Richard (AWS DPA). While Kat took the day-to-day role as required by our flag State (in our case the Marshall Islands, where ASTRA is registered) was covered, Richard ensured that we were supplied with all communiques that went out to the AWS fleet. Sometimes he would just drop a friendly email when he learned, from Daniel, about challenges we were up against, providing advice, thoughts or offers of support, which was always welcomed.


All in, once your motorboat starts getting that bit larger and becomes a fairly serious concern, the support of a good vessel manager is essential. In yacht management terms, they should be the wizard behind the curtain that ensures everything runs smoothly!


Mon 16 May (Day 166)


The day started with a lunar eclipse, when the moon passed through the shadow of the earth and we were able to observe it onboard just after 02:30 hrs. For us, full eclipse was at 04:30 hrs and the moon appeared to turn a coppery red.

This felt like an auspicious start to the morning of our eventual return, to our point of origin of Lanzarote!!

As the vessel came to life in the morning, mooring ropes and fenders were retrieved and prepared for our arrival.

When we left Saint Helena on 04 May 2022, Iain estimated there was a fair chance of returning to Puerto Calero on the evening of Sun 15th May. However, with the equatorial currents and the NW trade winds, there was every likelihood of our arrival slipping in to the hours of darkness. So, our arrival was timed for Mon 16 May at 12:00 hrs (UTC +1), equating to exactly 166 days to the hour, minute and second since we departed.

BUT.......We still had one family member, Caitlin, who was flying in to join the event and was now caught up with a delayed flight (no, she's not on that helicopter....Ed)

At 11:00 a small flotilla formed around us, involving: - The yacht of Queco the shipyard manager, with his trusted yard manager Fidel at the helm - Ruffina and Paco (local artist and sculptor) onboard their friend’s yacht - Wes, Roisin, Shay & Sabrina on a RIB - Catlanza VII providing a ‘fly by’, much to the delight of a boatload of about 90 day trippers who got to witness our arrival close-up.

And finally, talking of fly-bys, a helicopter came on station and circled around us to acknowledge our arrival. We thought it was a patrol helicopter coming to check what all the fuss was about, until we saw the occupants waving wildly at us. It later turned out that they were friends of the Calero family, who own the marina and who the port is named after.

ASTRA arrived 700 metres off the port at 11:30 and had pre-arranged with the port and rescue authorities that we would release a number of rocket parachute flares at one minute intervals to announce our arrival and then release hand flares combined with our water cannon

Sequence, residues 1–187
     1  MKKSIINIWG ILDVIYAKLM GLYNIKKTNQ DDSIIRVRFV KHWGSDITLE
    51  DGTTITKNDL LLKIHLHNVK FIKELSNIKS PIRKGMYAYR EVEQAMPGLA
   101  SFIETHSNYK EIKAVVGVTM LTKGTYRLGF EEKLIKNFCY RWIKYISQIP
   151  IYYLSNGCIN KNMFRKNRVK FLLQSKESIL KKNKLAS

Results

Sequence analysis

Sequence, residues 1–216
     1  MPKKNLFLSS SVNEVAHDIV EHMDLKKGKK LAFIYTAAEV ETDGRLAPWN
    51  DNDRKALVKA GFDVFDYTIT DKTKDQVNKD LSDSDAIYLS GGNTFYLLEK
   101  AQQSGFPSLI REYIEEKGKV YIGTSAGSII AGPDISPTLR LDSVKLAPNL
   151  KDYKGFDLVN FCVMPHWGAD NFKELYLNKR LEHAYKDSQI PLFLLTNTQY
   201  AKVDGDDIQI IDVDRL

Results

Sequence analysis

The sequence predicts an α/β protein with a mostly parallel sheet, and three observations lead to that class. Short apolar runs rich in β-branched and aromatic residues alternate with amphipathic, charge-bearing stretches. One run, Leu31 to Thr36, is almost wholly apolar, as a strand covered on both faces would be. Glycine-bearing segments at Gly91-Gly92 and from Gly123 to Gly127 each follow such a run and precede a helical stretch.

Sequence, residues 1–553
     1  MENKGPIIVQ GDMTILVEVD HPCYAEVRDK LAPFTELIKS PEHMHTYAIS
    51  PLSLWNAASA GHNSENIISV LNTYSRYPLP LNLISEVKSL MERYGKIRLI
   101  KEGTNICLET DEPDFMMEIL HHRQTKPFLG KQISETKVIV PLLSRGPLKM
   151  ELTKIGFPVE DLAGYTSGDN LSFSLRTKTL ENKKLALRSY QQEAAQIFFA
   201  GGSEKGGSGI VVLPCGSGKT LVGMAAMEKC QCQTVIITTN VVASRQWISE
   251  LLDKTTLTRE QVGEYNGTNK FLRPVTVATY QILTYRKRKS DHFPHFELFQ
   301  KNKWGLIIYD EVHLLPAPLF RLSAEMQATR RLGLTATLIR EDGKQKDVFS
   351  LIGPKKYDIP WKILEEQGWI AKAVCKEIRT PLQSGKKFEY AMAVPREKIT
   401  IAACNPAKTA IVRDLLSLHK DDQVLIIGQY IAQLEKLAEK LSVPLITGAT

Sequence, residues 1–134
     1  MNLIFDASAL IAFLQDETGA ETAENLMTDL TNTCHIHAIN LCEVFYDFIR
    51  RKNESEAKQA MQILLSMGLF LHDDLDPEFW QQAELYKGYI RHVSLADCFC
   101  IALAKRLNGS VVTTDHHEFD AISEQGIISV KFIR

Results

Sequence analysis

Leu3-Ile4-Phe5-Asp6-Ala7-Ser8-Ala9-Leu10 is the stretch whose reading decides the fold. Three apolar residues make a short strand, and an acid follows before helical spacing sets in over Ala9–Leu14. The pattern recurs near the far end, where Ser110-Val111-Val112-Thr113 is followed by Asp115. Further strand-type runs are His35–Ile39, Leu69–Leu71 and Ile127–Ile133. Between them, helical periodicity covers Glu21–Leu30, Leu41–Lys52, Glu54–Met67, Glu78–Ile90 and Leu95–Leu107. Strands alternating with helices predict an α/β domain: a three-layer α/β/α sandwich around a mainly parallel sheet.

Part way through the release of our pyrotechnics, Caitlin was able to contact from the coast road that both she and Mum (Kat), were able to enjoy the flares being released as they drove in and they would arrive 20 minutes before we would berth (Phew....Ed)



On our arrival into the marina, a family friend Freddy Galant, who had released the last rope 5.5 months ago, was given the honour of catching the 1st rope that we would send ashore as the clock approached 12:00 hrs

The most most amazing reception by friends and family who were waiting on the quayside took place and in addition to the photographs below, you can see a 60 second mini-movie of our arrival: https://youtu.be/iNjFfIS-PEc



On stepping ashore, and after a much-needed hug from Kat and Caitlin, Iain said: “At the outset, I was only looking to get round Cape Horn and then I realised that a complete circumnavigation of all of the Capes in the Southern Hemisphere had never been completed on a motor vessel of less than 24 metres... and so the chase was on!

Five and a half months, 31,500 miles, big seas, watches all around the clock, 5 people and a boat originally designed to break ice and go out on short rescue trips in the Baltic Sea... I'd call that a challenge and I am very glad to have gotten myself and my crew home safely to such a brilliant welcome".


ASTRA’s Circumnavigation statistics:


Departed Lanzarote: 01 December 2021 at 11:00 Hrs UTC Returned Lanzarote: 16 May 2022 at 11:00 Hrs UTC

Distance travelled: 31,500 nautical miles


Days at sea: 151 Days in port: 7.5 Days at anchor: 7.5

Dates of Rounding each of the Capes:

Cape Horn, Tierra del Fuego, Chile 19/01/2022

South Cape, Stewart Is. New Zealand 20/03/2022

SE Cape, Tasmania, Australia 26/03/2022

Cape Leeuwin, SW Australia 01/04/2022

Cape of Good Hope, South Africa 26/04/2022.



THANK YOU

...... to all who have followed the journey and to our Families, Friends and New Friends we have made through this website - we would love to see your comments below - let us know your favourite moment, your favourite picture or your thoughts in general. We will leave this page up and this website will be available for quite a while and will provide some information about the shipyard work Astra needed after the trip (Sorry...... the nerdy bits are just irrepressible , Ed!!)